Towering Angophora trees and other large tree species commonly found on the Northern Beaches and North Shore of Sydney can bring beauty and shade. Whilst they may just fall on your mother-in-law, they can also present a high risk to people and property.
Here are ten crucial signs to watch for.
Damaged or Broken Branches
A hanging, broken, or damaged branch is a clear red flag, especially when it’s large enough to pose a threat to people or property. The sheer weight of the wood can be very deceptive, underestimating its destructive potential.
Don’t hesitate to seek advice from a professional arborist and remove the branch if it’s deemed a risk.
Dead branches are easy to spot, particularly during spring and summer when trees should be lush with green leaves. Look for branches with brown, withered leaves or none at all. Over time, these branches may shed their bark, becoming brittle and fragile, making them susceptible to falling even on calm days.
If your tree hosts dead branches within its canopy, consider their size, weight, and position. If they could endanger people or property, engage an arborist to remove them safely.
Removal of these branches can also increase the visual appeal of the tree.
Bracket (or shelf) Fungi
Fungi, with their root system known as mycelium, infiltrate the wood’s vertical vascular system, breaking down fibres and inducing rot.
These fungi target a living tree’s heartwood, causing extensive rot both above and below their presence. Over time, this can lead to the tree hollowing out, jeopardizing its structural integrity. This may necessitate significant pruning or even complete removal.
The internal wood can become so soft it’s comparable to a sponge – with little to no ability to support any significant weight.
Unfortunately, there is currently no known method to halt the fungal growth. By the time you become aware of its presence, it has likely been silently affecting the tree for many years. Even if you remove the external fruiting bracket, spores remain inside the tree, continuing the decomposition process.
Weight reduction pruning on infected branches can alleviate stress on weak areas. However, for a permanent solution, complete tree removal is often necessary.
Recognizing an unsafe tree isn’t always straightforward. Picture a tree with a slender trunk that erupts into a magnificent canopy of thick, long branches and a profusion of leaves. While it may seem healthy, appearances can deceive.
Certain tree species, such as heavy gum trees, may grow close together, competing for sunlight, and develop tall, narrow trunks. This can make them prone to splitting or falling due to their own weight.
Skilful pruning during their early years can help prevent this problem.
Leaf loss outside of the usual season is cause for concern. Thin, dry, or an outside-in pattern of leaf loss suggests underlying problems. Leaves are vital for a tree’s nourishment, so leaf loss signals a significant issue.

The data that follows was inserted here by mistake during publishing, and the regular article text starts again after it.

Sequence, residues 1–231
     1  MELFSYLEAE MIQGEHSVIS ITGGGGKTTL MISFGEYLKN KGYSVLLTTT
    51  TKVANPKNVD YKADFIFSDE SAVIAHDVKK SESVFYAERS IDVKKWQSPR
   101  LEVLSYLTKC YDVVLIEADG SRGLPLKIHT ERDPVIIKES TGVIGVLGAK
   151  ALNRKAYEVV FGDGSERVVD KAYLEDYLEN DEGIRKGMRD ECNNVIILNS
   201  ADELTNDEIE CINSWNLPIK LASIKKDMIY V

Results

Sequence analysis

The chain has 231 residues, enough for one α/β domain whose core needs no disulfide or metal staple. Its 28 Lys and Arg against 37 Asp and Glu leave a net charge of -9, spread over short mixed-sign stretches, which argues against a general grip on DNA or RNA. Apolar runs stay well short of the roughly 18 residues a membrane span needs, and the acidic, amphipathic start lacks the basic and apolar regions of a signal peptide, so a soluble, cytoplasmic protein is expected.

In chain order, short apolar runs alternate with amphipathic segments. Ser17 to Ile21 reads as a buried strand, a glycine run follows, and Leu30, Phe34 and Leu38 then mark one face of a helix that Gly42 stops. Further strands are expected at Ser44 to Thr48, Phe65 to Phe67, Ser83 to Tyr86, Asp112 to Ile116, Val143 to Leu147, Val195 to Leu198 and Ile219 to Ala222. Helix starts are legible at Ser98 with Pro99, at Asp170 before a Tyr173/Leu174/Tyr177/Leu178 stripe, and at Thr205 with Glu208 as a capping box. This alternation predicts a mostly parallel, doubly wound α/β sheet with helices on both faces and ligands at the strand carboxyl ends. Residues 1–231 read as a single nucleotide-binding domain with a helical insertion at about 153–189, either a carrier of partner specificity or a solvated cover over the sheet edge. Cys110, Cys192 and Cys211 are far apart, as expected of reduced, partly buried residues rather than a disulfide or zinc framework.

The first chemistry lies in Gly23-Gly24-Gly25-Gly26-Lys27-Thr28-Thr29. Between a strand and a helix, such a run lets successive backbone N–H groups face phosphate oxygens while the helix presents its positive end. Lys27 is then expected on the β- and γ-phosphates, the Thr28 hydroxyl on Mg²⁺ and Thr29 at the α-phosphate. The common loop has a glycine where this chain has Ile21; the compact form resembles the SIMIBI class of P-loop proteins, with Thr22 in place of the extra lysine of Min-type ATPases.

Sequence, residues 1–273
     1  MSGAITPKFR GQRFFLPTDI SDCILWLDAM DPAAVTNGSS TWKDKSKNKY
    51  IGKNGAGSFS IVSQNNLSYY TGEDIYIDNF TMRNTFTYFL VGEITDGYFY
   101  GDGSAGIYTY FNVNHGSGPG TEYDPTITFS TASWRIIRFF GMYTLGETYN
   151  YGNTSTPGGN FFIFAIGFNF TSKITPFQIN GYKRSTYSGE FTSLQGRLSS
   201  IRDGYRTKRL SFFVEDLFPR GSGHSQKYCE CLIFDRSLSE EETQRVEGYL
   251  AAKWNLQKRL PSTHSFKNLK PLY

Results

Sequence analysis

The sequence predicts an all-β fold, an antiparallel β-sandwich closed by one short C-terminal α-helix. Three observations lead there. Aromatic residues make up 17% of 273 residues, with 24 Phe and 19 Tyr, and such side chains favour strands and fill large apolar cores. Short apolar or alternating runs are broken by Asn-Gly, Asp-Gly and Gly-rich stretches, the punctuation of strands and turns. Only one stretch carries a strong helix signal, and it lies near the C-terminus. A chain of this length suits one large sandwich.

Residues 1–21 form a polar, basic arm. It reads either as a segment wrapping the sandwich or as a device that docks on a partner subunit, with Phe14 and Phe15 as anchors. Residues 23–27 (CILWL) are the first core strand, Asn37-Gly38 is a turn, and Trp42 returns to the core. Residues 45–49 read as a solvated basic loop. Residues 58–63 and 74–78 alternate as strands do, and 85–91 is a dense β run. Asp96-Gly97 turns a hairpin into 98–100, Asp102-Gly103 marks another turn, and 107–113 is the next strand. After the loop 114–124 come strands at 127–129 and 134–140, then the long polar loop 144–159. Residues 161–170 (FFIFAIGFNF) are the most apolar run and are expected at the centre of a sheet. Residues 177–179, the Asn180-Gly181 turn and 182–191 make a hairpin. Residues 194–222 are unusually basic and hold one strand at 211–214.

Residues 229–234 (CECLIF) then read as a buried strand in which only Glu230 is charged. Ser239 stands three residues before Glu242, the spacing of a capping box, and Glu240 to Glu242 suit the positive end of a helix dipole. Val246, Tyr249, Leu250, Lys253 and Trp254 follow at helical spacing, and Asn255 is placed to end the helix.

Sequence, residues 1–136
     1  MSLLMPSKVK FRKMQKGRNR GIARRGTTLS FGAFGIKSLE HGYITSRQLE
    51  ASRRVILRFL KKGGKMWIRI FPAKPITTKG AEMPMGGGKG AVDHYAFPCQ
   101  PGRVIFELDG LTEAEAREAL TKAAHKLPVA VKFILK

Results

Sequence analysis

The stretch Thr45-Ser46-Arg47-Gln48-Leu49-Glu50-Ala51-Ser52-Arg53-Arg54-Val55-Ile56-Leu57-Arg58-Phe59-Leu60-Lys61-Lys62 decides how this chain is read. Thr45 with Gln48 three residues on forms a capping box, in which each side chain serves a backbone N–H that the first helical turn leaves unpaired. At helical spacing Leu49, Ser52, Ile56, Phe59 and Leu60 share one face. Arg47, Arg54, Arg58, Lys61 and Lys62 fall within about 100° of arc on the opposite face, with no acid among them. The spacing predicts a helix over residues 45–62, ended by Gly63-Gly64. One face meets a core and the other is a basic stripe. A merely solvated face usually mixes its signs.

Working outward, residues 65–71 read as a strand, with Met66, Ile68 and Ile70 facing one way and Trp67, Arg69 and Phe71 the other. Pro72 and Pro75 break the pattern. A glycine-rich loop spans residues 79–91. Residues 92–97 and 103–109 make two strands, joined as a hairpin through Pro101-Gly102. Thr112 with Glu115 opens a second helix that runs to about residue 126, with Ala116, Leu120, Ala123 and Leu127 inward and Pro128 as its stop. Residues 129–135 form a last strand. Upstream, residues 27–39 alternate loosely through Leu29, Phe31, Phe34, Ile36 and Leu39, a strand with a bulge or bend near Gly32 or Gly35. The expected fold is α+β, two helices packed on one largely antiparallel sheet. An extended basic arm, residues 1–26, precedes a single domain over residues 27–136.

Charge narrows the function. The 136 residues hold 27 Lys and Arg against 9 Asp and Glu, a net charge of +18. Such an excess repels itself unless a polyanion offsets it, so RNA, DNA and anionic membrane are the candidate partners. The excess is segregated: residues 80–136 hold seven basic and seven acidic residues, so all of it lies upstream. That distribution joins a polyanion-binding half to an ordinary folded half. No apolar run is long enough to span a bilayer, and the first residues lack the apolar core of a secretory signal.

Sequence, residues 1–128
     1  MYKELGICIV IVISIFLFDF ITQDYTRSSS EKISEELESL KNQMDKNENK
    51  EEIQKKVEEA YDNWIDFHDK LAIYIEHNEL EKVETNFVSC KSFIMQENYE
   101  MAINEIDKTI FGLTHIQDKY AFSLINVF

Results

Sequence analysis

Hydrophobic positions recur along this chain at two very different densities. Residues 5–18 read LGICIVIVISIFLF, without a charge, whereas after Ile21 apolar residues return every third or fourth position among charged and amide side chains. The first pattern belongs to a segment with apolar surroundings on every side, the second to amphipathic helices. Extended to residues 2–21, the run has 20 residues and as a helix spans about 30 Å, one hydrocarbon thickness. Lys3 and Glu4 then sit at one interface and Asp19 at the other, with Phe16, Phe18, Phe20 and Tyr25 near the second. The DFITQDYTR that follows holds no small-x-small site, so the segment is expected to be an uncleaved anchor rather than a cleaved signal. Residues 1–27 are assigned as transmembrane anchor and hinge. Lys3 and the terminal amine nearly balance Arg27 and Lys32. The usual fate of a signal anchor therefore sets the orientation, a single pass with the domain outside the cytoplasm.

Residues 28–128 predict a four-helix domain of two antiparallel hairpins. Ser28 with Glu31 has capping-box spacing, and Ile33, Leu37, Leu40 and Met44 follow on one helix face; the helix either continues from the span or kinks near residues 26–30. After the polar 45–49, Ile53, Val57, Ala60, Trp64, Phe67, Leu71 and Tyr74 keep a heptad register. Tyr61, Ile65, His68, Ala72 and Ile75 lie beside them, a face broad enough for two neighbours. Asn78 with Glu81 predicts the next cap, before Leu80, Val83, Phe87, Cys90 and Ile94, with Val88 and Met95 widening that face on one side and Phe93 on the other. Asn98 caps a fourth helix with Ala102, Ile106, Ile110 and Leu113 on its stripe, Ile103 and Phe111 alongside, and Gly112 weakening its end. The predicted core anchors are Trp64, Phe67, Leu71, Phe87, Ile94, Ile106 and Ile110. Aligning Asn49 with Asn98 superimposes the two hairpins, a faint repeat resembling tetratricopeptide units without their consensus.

Leaf loss on one side of the tree can also indicate a root problem, poisoning or toxic environment around the root system located under that side or the tree.
Cracks and Splits
Trunk cracks and splits can result from various factors, including unstable soil or trunk weakness due to rot or other damage.
Any indentation penetrating deeper than the bark requires professional evaluation.
A deep split or crack may necessitate tree removal.
A Hole in the Trunk
Visible holes in a tree’s trunk, especially near the base, may indicate internal decay, rendering the tree structurally unsound, especially during strong winds. Holes and soft spots can also indicate bracket fungi as mentioned above.
It’s crucial to have an arborist thoroughly assess the extent of the damage.
A Leaning Trunk
While some trees naturally lean due to their positioning, sudden or increasing leans are cause for concern. Keep an eye out for trees that start leaning after strong winds or if you notice soil cracks around the tree roots. The more abrupt and pronounced the lean, the more urgent the situation.
A robust root system is vital for a tree’s overall health and stability. Although roots remain hidden underground, there are signs to watch for:
- Dark, musty areas near the trunk’s base, especially with mushroom growth, could indicate rotting roots.
- Saturated, compacted soil around the base may suggest inadequate support for the root system, leading to structural instability.
- Construction work like trenches or holes near a tree’s protection zone can damage tree roots. Monitor the tree for signs such as wilted leaves, undersized foliage, limited growth, or thinning leaves. If you observe these issues, contact a local arborist promptly for the best chance of restoring your tree’s health and safety.
Damage caused by impacts, rubbing and branches tearing off can remove the external layer of bark and expose the internals of the tree to the elements.
Over time, these wounds can expand to significantly degrade the strength of the tree above that point. If wounds gets bigger over time, it is highly recommended that you seek a professional opinion.
Note: Council Regulations
Different councils have strict rules on what can or can’t be done to certain species of tree. If the tree presents a clear safety risk, they are generally understanding as long as you go through the right approval processes. Pruning or removal of non-exempt species without approval can lead to very heavy fines.
If you need any further information or advice, I’d be happy to visit your property to give a free assessment. Call me on 0418 427 904.
Cheery Chops Tree Solutions